What an NBA Finals, and The End of the NBA Season

Reading Andrew Sarris obits, a legendary American film critic who died on Wednesday, the Associated Press did the best, which ran in The NY Daily News, as I’m sure it did in many others. The New York Times piece was good as well, maybe better in some regards.

I read him while he worked for the New York Observer, yet he’s most famous for creating the theory known as “auteur theory” of criticism—which basically is saying that you can view a film director the same as you view a painter or an author et cetera. The thing said something obvious, yet it also leveled the playing field defining film as art.

Somebody had to say it I guess, no matter how obvious it may have been, and therefore he reaps all the benefits known as credit for an idea everybody knew, but no one had the words to define. Sarris also was the first person to run Top Ten lists for films at the end of the year, which has become a staple for entertainment media ever since; I’d argue we take those things for granted, as it were.

It’s sad when someone passes away however…


The Miami Heat are NBA Champions

LeBron James lead the way, so LeBron haters need now be silent.

The season may be over, but LeBron is far from being done. Yes, it took him three shots, with two different teams, to win a title, yet during the 2011-2012 NBA Season he’s won everything humanly possible (except maybe the Slam Dunk Contest; I’d love to see him in that; wouldn’t you?).

Regular season MVP, NBA Finals MVP and of course the NBA Title—but beyond that, LeBron James has done it in historic fashion. And I think he’s due for doubling his finals’ appearances, maybe winning one or two more (but more on that later, and who he’ll most likely be facing, too).

Super Bron Bron began his frenzy of putting an entire team on his back and saying, “Follow my lead boys” in Game 6 of the Conference Finals in Boston; when he demolished the Celtics for 45&15, and Dwyane Wade even took over when King James ran a little low on steam in the second half, netting eleven of his seventeen points in the second session.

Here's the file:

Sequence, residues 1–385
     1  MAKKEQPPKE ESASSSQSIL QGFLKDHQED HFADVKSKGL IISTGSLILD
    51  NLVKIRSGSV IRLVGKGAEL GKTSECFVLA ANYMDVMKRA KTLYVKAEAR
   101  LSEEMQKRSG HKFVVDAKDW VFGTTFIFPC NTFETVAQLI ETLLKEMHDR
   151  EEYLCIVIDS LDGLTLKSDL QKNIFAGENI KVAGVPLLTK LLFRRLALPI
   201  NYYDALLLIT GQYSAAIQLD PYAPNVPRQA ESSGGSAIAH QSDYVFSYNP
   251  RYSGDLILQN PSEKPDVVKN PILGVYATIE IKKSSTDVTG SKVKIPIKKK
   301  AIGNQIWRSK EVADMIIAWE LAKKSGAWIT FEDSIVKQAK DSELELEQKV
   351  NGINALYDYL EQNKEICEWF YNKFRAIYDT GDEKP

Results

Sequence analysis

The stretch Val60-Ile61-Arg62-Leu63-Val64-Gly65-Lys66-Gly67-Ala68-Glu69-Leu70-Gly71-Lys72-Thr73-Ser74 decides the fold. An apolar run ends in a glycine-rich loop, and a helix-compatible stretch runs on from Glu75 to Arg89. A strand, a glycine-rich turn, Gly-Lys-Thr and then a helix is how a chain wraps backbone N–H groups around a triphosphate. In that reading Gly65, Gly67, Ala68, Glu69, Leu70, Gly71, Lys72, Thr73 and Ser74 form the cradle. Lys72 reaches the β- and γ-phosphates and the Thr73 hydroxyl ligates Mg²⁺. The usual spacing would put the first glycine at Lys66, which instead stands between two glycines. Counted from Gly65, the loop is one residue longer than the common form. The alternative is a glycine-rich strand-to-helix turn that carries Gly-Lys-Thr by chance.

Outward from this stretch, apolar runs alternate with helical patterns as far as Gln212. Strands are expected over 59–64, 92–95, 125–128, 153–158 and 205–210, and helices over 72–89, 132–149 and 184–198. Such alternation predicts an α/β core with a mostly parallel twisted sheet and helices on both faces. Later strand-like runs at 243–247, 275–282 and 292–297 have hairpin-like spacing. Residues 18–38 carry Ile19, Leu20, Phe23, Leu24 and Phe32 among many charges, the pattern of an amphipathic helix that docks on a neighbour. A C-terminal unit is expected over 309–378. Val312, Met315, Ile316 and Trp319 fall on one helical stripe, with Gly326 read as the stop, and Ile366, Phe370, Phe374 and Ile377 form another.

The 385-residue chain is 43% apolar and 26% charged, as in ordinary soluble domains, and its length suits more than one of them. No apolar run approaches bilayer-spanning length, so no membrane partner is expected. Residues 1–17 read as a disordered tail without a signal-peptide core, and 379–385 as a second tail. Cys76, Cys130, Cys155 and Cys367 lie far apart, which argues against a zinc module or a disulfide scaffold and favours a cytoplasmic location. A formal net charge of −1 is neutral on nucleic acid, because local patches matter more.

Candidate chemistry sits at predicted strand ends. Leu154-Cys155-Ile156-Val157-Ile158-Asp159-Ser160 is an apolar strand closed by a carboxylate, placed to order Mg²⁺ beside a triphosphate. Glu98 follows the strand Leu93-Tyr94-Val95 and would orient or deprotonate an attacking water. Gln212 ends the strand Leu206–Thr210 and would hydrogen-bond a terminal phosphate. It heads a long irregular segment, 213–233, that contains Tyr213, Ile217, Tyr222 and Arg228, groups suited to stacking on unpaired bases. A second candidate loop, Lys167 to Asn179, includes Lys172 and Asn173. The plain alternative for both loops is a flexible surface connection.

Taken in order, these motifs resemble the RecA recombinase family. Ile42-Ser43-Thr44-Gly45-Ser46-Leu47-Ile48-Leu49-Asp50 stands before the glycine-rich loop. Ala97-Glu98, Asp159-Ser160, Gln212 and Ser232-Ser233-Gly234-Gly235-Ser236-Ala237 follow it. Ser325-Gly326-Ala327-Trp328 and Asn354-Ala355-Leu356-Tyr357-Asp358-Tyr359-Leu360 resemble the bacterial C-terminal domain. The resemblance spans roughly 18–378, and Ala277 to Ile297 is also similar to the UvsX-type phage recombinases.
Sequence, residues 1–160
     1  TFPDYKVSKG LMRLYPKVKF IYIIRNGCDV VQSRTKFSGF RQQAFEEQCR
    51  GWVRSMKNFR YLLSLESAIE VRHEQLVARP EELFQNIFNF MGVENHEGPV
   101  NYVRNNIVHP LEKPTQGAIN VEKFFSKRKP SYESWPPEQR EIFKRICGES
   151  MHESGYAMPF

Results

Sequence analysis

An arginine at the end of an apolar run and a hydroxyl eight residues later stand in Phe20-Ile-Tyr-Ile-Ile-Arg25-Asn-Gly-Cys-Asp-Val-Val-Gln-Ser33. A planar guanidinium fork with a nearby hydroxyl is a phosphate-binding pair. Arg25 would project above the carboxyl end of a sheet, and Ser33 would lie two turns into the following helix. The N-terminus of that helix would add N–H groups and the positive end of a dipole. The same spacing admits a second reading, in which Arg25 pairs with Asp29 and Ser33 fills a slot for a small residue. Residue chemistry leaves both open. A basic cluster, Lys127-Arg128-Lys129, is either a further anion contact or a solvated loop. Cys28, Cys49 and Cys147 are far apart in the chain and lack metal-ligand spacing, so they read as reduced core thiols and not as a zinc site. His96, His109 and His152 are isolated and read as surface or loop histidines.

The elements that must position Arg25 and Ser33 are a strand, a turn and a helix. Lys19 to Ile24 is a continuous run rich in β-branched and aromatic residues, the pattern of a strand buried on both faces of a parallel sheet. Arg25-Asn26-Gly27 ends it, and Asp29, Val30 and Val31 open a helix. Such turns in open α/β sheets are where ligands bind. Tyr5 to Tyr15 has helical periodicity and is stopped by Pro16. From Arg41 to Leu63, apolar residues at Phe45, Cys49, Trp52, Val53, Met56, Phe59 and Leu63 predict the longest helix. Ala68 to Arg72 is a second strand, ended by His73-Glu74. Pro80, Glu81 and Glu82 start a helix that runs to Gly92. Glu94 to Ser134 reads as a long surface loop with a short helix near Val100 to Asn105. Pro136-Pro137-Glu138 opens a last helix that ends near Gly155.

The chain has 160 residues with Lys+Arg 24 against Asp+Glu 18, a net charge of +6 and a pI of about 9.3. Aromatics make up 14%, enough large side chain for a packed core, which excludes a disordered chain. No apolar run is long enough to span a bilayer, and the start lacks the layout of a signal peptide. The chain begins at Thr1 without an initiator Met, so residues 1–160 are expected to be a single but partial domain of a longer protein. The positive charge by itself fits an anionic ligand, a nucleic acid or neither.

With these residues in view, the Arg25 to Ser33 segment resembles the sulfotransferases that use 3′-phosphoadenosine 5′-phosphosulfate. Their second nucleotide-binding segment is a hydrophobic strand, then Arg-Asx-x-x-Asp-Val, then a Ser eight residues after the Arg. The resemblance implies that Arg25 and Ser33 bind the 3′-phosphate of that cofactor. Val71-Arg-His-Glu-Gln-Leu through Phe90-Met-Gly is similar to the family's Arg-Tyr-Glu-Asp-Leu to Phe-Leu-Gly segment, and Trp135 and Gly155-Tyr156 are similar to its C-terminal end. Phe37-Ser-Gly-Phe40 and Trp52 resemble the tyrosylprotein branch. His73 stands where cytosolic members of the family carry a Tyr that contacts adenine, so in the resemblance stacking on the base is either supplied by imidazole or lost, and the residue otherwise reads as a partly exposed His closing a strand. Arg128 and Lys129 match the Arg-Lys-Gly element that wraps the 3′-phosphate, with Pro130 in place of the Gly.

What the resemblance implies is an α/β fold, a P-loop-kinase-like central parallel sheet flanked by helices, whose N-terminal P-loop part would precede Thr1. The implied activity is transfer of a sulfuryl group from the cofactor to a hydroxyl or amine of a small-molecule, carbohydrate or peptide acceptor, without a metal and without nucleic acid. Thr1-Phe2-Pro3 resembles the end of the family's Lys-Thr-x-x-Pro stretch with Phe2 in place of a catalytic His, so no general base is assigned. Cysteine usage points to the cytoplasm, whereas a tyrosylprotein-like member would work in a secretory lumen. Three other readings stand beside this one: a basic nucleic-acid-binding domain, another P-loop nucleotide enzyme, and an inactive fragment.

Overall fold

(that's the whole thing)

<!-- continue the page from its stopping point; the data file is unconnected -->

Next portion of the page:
The NBA Finals had all the makings of LeBron versus Kevin Durant; however, the headlines should have read Durant versus Shane Battier, or maybe even Durant versus foul trouble, for his biggest obstacle wasn’t from the opposing team but from his defensive abilities, or lack thereof, hindering his availability on the floor.

But back to LeBron—his scoring dipped in the Finals: Round by round averages: 27.8, 30, 33.6 and 28.6. What happened? James filled out the rest of his line by averaging 10.2 rebounds a game and 7.4 assists per contest—his highest in the whole playoffs.

Yet the thing that really did it for me was him proving me wrong once again. I wrote in my notes, after Game 4, “If he didn’t get a triple-double during this game, he never will—not in these playoffs.” It should be noted that he had 26-9-12, and I’d been wanting him to register a triple-double since the bloody Indiana series.

Then he does it while clinching the NBA Finals! 26-11-13! Enough said…

What This Means for the Thunder

I knew it wasn’t a good sign when I was reading obituaries the day of Game 5 in regards to the Oklahoma City Thunder.

You know you’re in trouble when you can’t keep your best player Kevin Durant on the floor because of foul trouble and Russell Westbrook has the game of his life—43-7-5—and you still go down by six points.

Don’t feel bad for the Thunder, however; they’re destined to be playing the Heat for the NBA Title I’d imagine three-of-the-next-five years—that’s not too much to say, is it?—maybe even four-of-the-next-seven.

There are few teams (if any) that can top these guys out West. And for all those puzzled looks from Scott Brooks regarding personnel—Should I go small? When is it time for Harden? Should I have Perkins/Ibaka or Collison in right now?—all of that’ll be sorted out before next year even starts.

This one won’t sit well with the Thunder. Any of them. Look at how far the Heat came since losing last year’s Finals. Enough said…

What We Learned This Season

We learned that the Chicago Bulls and Orlando Magic are one-and-done without their superstars. But we shall see if they’re capable of anything other than reaching the Eastern Conference Finals when fully healthy.

The Lakers are destined to make a move, for they’ve got very few options in the draft, and Los Angeles is growing restless, as Kobe hasn’t got too many peek years left. The question isn’t who goes—probably Pau Gasol—but with whom will they make the deal? Good question…

Who’s a bigger game changer this offseason than Deron Williams? Good luck naming one—however, him staying put isn’t out of the question, yet I wouldn’t bet on it.

The toughest divisions both happened to be out West: The Northwest and the Southwest. Could this change? Probably not, but if the growth of Philly and New York (the Knicks) keeps on its current clip, the Atlantic might be a fun watch, at the very least.

Au revoir mais pas adieu (goodbye but not farewell)


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